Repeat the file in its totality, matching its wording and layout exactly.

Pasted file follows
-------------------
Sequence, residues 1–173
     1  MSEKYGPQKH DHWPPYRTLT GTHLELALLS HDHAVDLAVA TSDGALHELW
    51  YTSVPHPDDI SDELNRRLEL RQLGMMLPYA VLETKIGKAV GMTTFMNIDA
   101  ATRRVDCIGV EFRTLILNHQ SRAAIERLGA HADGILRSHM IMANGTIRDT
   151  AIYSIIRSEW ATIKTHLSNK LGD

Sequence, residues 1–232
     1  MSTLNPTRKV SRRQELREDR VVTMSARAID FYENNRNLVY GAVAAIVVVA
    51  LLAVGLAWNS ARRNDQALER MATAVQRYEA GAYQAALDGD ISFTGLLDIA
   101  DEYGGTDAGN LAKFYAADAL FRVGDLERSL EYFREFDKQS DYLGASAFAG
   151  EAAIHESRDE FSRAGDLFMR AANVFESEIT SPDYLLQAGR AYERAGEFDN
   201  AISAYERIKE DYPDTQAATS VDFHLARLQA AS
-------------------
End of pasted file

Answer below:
Sequence, residues 1–173
     1  MSEKYGPQKH DHWPPYRTLT GTHLELALLS HDHAVDLAVA TSDGALHELW
    51  YTSVPHPDDI SDELNRRLEL RQLGMMLPYA VLETKIGKAV GMTTFMNIDA
   101  ATRRVDCIGV EFRTLILNHQ SRAAIERLGA HADGILRSHM IMANGTIRDT
   151  AIYSIIRSEW ATIKTHLSNK LGD

Sequence, residues 1–232
     1  MSTLNPTRKV SRRQELREDR VVTMSARAID FYENNRNLVY GAVAAIVVVA
    51  LLAVGLAWNS ARRNDQALER MATAVQRYEA GAYQAALDGD ISFTGLLDIA
   101  DEYGGTDAGN LAKFYAADAL FRVGDLERSL EYFREFDKQS DYLGASAFAG
   151  EAAIHESRDE FSRAGDLFMR AANVFESEIT SPDYLLQAGR AYERAGEFDN
   201  AISAYERIKE DYPDTQAATS VDFHLARLQA AS